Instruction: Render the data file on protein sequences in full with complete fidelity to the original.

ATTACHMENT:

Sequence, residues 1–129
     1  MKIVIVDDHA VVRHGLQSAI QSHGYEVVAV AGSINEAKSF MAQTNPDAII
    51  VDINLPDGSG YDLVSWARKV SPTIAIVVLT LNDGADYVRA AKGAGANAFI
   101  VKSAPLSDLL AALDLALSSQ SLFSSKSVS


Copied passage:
Sequence, residues 1–129
     1  MKIVIVDDHA VVRHGLQSAI QSHGYEVVAV AGSINEAKSF MAQTNPDAII
    51  VDINLPDGSG YDLVSWARKV SPTIAIVVLT LNDGADYVRA AKGAGANAFI
   101  VKSAPLSDLL AALDLALSSQ SLFSSKSVS